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Darwin Correspondence Project

To Asa Gray   22 July [1860]1

Down Bromley Kent [Hartfield]

July 22d

My dear Gray

Owing to absence from home at Water-cure & then having to move my sick girl to whence I am now writing,2 I have only lately read the discussion in Proc.s American Acad.3 And I now I cannot resist expressing my sincere admiration of your most clear powers of reasoning. As Hooker lately said in a note to me, you are more than anyone else the thorough master of the subject.4 I declare that you know my Book as well as I do myself; & bring to the question new lines of illustration & argument, in a manner which excites my astonishment & almost my envy! I admire these discussions, I think, almost more than your article in Silliman’s Journal.5 Every single word seems weighed carefully, & tells like a 32-pound shot. It makes me much wish (but I know that you have not time) that you could write more in detail; & give, for instance, the facts on the variability of the American wild fruits.—

The Athenæum has largest circulation & I have sent my copy to Editor with request that he would republish the first discussion: I much fear he will not, as he reviewed subject in so hostile a spirit & is not a liberal man.—6 I fear that I shall lose my copy.—   I have received p. 410 to 416—and pp. 425 to 434—, so that pages 417 to 424 are missing7    I wish you would tell me whether I could buy these sheets of Proceedings.—

New York Times had not arrived when I left home.—   Hooker has lent me (& was much puzzled about authorship!) the July Monthly Atlantic:8 it is uncommonly pleasantly written, & will tell well on public.—   I shall be curious (& will order) the August number, as soon as I know that it contains your Review of Reviews.—9 My conclusion is that you have made a mistake in being a Botanist, you ought to have been a Lawyer, & you would have rolled in wealth by perverting the truth, instead of studying the living truths of this world.—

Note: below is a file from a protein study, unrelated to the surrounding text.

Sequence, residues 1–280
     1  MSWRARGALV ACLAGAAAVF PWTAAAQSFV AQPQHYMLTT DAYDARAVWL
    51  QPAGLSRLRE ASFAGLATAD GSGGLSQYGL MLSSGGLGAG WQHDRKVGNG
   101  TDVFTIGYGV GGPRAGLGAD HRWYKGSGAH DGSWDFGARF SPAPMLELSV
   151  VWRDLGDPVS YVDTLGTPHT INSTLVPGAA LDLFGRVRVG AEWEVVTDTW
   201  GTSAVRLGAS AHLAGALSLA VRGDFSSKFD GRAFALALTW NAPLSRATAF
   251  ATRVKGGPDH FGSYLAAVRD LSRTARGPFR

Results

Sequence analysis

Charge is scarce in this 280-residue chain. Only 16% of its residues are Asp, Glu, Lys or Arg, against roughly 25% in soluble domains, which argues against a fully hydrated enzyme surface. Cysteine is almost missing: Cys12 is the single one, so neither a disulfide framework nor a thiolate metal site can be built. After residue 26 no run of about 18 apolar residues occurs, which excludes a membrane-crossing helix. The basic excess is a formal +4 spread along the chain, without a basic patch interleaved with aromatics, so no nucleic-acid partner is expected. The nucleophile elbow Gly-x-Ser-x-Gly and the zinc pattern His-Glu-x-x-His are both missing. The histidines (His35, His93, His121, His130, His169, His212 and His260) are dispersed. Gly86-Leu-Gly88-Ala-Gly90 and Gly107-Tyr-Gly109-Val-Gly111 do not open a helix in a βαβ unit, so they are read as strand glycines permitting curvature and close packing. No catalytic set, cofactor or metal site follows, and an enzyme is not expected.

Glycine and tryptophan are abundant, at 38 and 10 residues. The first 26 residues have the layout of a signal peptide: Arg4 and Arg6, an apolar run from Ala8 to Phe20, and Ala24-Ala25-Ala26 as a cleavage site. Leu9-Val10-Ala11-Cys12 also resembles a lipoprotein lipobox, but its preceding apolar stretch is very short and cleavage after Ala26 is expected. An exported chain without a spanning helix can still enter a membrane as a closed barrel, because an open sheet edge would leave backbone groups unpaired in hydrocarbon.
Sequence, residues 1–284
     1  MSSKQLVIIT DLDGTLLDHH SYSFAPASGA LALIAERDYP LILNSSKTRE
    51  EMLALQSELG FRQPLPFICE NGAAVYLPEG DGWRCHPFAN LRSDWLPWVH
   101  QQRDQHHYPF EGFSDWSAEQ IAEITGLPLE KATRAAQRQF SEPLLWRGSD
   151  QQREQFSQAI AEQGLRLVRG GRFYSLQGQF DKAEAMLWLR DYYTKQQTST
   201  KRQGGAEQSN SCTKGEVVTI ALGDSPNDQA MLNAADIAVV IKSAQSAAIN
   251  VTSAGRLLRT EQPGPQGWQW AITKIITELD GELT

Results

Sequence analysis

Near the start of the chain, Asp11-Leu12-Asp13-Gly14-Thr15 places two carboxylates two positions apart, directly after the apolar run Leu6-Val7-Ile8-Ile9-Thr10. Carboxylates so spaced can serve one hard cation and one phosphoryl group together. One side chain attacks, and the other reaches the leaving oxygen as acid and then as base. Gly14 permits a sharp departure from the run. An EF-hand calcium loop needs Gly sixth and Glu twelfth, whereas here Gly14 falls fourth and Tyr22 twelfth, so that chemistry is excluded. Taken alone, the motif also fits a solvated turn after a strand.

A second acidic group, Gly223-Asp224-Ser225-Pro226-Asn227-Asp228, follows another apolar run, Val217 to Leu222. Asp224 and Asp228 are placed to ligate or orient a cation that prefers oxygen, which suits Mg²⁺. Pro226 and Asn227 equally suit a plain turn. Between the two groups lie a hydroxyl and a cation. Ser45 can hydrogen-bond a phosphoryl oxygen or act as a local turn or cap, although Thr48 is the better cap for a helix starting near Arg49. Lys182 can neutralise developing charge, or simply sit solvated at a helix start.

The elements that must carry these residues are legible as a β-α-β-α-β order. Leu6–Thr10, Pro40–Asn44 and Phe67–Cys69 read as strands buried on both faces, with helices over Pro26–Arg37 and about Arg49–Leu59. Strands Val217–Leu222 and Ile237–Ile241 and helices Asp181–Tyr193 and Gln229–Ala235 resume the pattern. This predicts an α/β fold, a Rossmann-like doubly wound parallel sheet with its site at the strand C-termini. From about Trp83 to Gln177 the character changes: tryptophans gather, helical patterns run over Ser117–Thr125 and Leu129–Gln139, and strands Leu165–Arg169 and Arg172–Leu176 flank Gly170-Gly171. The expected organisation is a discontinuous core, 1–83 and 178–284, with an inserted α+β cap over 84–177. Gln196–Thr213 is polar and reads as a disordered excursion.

Of Reviews I have to report one in Quarterly by the Bishop of Oxford (Wilberforce) aided by Owen:10 it is uncommonly clever, not worth anything scientifically, but quizzes me in splendid style till I chuckled with laughter at myself—   From all that I gather, the B. Assoc. at Oxford advanced subject greatly, owing to effort of Hooker, Huxley & Lubbock, not withstanding incessant attacks. Henslow & Daubeny are shaken.—11 I hear from Hooker that he hears from Hochstetter that my views are making very considerable progress in Germany;12 & that good workers are discussing the question. Bronn at end of his Translation has a chapter of Criticism; but it is such difficult German, that I have not yet read it.—13 Hopkins’ Review in Fraser is thought the best which has appeared against us;14 I believe that Hopkins is so much opposed because his course of study has never led him to reflect much on such subjects as Geograph. Distribution, Classification, Homologies &c &c; so that he does not feel it a relief to have some kind of explanation.—

I see most clearly that my Book would have been a dead failure, had it not been for all the generous labour bestowed on it (not for my sake, but for subject sake) by yourself, Hooker, Huxley & Carpenter; & to these names I hope soon Lyell’s may be added.—   But I know that the Quarterly will cause Lyell to shake in his shoes.15 Considering his age, his former views & position in Society, I think his conduct has been heroic on this subject.—